What would happen if we used robotics to heat and cool only the occupied areas of a building? Super smart way to reduce energy waste! What if a revolutionary train system could run solely on renewable energy? Um, transportation emissions would go way down!  And what if we could reduce our need for antibiotics, predict wildfires before they occur and locate underground water leaks before too much water was lost? We’d be heroes for solving some of today’s top health and environmental crises! Now, what if you thought of these ideas in middle school and a 3M mentor wanted to help you make it possible? At our age? Stop. Tell us everything.

It’s true.

These ideas were all developed by middle school students, and they represent only half of the astounding innovations selected by 3M to be finalists in the 2019 3M Young Scientist Challenge. Created with partners Discovery Education, the #YoungScientist Challenge encourages kids in grades 5 to 8 to submit a 2-minute video describing “a unique solution to an everyday problem.” All 10 finalists’ ideas blew our mind, and Être was thrilled to interview five of them, learning more about what drew them to the challenge, their projects and how 3M mentorship is changing their lives.

Meet Jaya Choudhary, who engineered an Airflow Control Robot designed to help reduce energy consumption in the home, Caroline Crouchley, who developed a sustainable method of train transportation eliminating the need for diesel engines or electric motors, Kara Fan, who formulated a nano particle liquid bandage to replace the use of antibiotics, Reshma Kosaraju, who is using machine learning and neural networks to predict forest fires, and Camellia Sharma, who developed a detection system to identify underground water leakage. Everybody was 13 at the start of the challenge, except Camellia. She was 12. You understand why we had to know more. 

Ê: Hi and congratulations on being named a 3M Young Scientist finalist! We’ll jump right in – how did you first hear about the Young Scientist Challenge, and who were your earliest inspirations?

JC: I first heard about the 3M Young Scientist Challenge last year. My dad, my older sister, and I saw the 2017 winner Gitanjali Rao’s video about detecting lead in the water. Her innovation was very inspiring, and we researched the competition. In 2018, my older sister, Pragya Choudhary, submitted her entry and was awarded a State Merit Winner. This motivated me to participate, and I am having so much fun! My earliest inspirations were (and still are) my dad, my mom and my uncle. Ever since I was a young kid, I’ve been interested in a career in science because of my uncle, who is a doctor, and my dad, who is a mechanical engineer. My mom has always been a hard-working person and I strive to have a similar attitude.

CC: I first heard about the 3M Young Scientists Challenge from my older brother Austin, a 3M Young Scientist Finalist in 2017, who invented a solar tracker to pump water from wells in developing nations. I also have participated in nine science fairs over the last two years, so I knew about the competition from my science teachers at school. My earliest inspiration in science was from my grandfather, who told me about the time he participated in a science fair in high school – the judges had to call the fire department and the explosive units because of my grandfather’s prototype! Another big inspiration for me has been the Girl Scouts. I’ve been a member of Girl Scouts since first grade and it has taught me values, leadership, respect and empowers me to reach my inner potential. Allie Weber was also an inspiration to me. I met her at the Maker Faire in New York in 2018 and I enjoyed watching her blogs and following her adventures in science.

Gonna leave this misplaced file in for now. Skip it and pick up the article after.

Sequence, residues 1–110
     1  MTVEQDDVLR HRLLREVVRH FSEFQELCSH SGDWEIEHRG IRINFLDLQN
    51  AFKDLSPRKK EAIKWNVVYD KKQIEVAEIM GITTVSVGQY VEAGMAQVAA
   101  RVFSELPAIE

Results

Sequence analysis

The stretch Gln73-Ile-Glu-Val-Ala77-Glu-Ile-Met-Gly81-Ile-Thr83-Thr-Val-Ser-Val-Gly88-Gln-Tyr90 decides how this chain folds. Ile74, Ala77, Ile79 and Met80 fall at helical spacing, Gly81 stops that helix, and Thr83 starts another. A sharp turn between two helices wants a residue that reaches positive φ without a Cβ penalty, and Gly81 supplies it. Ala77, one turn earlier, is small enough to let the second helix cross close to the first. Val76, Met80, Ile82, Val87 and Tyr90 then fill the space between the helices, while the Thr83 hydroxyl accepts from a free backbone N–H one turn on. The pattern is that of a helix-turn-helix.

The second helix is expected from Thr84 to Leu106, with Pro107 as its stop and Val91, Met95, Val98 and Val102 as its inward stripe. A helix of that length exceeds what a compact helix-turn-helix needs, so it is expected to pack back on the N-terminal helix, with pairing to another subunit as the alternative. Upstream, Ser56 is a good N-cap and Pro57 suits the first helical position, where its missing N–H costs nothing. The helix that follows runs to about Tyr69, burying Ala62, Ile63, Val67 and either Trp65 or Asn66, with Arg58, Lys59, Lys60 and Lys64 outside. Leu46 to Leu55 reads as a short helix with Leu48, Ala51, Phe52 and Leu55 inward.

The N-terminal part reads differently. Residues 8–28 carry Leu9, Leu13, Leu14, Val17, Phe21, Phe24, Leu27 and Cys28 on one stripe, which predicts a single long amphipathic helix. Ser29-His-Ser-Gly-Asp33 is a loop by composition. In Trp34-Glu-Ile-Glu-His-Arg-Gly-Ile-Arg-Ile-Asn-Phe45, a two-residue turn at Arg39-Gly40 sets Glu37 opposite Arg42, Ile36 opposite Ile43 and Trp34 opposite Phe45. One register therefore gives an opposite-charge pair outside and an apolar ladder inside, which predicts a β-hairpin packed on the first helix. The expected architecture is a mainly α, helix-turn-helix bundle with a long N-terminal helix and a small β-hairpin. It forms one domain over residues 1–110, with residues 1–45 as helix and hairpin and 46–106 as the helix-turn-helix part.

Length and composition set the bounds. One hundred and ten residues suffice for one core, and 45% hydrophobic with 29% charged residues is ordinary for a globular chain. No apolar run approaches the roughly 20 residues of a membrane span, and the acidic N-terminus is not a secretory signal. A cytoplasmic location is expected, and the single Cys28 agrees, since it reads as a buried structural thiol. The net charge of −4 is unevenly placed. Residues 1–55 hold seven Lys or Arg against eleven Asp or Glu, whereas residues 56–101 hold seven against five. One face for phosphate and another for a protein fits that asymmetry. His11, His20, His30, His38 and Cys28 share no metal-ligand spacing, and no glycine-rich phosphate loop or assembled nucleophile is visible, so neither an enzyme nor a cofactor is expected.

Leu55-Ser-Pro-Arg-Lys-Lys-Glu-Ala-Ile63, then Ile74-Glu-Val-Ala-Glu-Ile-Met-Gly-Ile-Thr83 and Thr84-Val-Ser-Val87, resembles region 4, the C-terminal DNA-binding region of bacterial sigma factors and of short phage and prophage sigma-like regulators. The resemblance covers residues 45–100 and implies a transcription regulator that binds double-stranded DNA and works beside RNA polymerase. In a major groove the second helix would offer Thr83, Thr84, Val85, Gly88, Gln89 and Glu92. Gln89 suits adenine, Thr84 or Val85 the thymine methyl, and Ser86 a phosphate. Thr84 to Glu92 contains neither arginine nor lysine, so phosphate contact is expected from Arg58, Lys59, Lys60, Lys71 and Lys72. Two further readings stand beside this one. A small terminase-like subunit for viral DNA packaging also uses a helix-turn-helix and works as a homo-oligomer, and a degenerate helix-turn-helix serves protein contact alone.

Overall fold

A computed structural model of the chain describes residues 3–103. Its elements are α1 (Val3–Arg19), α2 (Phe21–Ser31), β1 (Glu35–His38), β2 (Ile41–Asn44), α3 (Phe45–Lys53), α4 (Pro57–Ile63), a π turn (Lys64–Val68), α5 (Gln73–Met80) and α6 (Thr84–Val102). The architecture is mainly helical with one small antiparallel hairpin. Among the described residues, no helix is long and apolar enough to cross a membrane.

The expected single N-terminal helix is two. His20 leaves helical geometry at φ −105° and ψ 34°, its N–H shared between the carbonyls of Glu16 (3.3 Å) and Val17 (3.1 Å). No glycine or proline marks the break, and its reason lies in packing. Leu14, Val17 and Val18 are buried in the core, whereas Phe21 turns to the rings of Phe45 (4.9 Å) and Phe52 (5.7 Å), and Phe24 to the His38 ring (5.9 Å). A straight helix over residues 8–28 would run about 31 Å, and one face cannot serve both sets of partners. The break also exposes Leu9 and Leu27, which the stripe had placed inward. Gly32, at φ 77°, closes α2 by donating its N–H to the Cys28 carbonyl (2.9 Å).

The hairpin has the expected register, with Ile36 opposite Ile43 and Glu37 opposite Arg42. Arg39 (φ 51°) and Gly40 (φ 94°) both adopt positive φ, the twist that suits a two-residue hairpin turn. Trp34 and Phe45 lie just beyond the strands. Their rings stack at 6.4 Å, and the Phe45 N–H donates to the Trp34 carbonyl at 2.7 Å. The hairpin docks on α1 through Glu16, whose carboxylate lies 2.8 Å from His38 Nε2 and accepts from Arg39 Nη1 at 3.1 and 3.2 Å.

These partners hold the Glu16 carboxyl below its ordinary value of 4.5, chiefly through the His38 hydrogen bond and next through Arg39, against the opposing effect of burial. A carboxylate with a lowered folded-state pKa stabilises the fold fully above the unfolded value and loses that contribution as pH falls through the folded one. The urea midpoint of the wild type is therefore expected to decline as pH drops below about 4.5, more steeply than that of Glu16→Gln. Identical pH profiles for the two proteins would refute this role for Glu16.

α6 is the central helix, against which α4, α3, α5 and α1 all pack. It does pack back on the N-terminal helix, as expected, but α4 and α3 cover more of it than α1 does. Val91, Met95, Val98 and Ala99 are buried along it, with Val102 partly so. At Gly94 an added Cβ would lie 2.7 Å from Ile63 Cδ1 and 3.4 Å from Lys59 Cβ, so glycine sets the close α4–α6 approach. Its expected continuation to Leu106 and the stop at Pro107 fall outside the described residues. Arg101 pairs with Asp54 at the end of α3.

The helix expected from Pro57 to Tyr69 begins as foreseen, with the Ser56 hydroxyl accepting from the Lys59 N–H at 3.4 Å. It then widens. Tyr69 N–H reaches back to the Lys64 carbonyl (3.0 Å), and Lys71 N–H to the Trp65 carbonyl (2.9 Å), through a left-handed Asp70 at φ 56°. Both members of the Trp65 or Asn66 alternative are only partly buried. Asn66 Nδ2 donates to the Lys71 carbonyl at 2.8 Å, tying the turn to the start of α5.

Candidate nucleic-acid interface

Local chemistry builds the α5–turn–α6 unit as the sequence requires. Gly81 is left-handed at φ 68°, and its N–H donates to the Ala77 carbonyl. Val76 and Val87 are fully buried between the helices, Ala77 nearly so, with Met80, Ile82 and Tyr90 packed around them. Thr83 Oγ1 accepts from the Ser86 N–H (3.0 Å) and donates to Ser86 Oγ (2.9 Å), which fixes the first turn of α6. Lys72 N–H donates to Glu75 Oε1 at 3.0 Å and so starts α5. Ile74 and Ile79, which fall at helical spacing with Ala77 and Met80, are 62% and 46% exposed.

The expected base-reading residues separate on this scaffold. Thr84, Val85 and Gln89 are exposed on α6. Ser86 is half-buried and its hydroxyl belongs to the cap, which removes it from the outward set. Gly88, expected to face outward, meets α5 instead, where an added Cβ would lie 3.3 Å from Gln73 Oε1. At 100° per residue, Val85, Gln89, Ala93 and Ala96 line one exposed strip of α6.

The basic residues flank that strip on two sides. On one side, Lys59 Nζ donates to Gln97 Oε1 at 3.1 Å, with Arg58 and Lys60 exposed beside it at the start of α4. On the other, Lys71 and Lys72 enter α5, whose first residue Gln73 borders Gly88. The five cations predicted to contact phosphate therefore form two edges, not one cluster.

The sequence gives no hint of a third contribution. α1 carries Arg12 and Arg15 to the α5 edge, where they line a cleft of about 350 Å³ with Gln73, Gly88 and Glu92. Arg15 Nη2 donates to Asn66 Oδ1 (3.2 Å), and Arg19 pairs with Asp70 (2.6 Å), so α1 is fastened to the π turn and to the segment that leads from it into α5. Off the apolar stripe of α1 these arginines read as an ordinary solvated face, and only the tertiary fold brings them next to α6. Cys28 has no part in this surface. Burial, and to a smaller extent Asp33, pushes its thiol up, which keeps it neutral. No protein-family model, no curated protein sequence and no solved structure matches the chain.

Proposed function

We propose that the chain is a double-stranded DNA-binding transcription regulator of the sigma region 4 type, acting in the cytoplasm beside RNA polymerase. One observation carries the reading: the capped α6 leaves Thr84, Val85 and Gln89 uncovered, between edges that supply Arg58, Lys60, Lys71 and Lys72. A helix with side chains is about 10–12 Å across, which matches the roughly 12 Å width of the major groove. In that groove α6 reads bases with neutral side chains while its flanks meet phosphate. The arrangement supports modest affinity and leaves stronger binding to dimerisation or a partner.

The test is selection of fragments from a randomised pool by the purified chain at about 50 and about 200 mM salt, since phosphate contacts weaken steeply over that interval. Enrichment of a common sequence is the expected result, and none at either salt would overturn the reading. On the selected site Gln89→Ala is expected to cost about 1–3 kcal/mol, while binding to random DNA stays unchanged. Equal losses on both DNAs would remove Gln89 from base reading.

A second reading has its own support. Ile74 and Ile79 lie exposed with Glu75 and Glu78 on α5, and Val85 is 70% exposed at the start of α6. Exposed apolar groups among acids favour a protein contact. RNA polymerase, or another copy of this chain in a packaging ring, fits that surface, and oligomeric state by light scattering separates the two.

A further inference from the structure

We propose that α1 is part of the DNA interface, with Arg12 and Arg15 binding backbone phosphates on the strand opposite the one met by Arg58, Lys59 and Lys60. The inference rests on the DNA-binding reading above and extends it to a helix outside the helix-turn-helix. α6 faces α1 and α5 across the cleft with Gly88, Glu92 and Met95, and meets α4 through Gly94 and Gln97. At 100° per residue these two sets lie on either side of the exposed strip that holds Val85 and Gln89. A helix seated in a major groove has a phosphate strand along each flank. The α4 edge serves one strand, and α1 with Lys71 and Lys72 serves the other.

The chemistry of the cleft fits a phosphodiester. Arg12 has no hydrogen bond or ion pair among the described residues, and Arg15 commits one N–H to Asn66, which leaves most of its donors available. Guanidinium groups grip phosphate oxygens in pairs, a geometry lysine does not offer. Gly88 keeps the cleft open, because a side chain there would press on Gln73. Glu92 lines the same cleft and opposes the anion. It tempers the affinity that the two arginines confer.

KF: I had the opportunity to compete in the California state science fair, where I learned about the 3M Young Scientist Challenge from one of the contestants. The 3M Young Scientist Challenge was a great way to share my innovation and compete with others while receiving guidance at the same time. A couple of years ago, I went to a summer chemistry camp where we learned how to make mini fireworks, multi-colored fire and other fascinating things. After taking that class, I started to get more interested in science, so I decided to participate in my local science fair.

RK: I first heard about the 3M Young Scientist Challenge through friends. After researching the challenge, I knew that this was an opportunity of a lifetime and I couldn’t let it slip away. My earliest inspirations were my cousins. They continue to inspire me to use science and technology to solve problems because they are very innovative and are extremely intelligent in the way that they approach and solve problems. They always make me strive to be just like them.

CS: My brother, Cameron, was a 3M Young Scientist Challenge Finalist last year. He and my 4th and 5th grade teachers were my earliest inspirations. Cameron showed me that one should not be afraid of reaching high, such as aspiring to be a 3M Young Scientist Challenge FinalistMy teachers introduced me to the wonderful world of STEM. They also helped me with the projects for the annual non-competitive science fairs held at our school.

Ê: So cool – we love how many siblings and friends were involved! And Gitanjali Rao and Allie Weber completely inspire us too! Tell us, how will your idea solve a problem and why is that problem important to you?

Photo: Lalita Mishra

JC: My project is an attempt to reduce the effects of two imminent threats to humanity: the global energy crisis and climate change. My idea is to create a robotic airflow control system that will only heat and cool occupied areas in a building. This will reduce the energy wastage by not sending hot or cold air to unoccupied areas. By cutting the energy waste, we will reduce the demand for energy, conserving fossil fuels. If we burn fewer fossil fuels, we will release fewer greenhouse gases, thus reducing climate change. These problems are both extremely important to me because if they aren’t solved, they will have disastrous effects to our planet.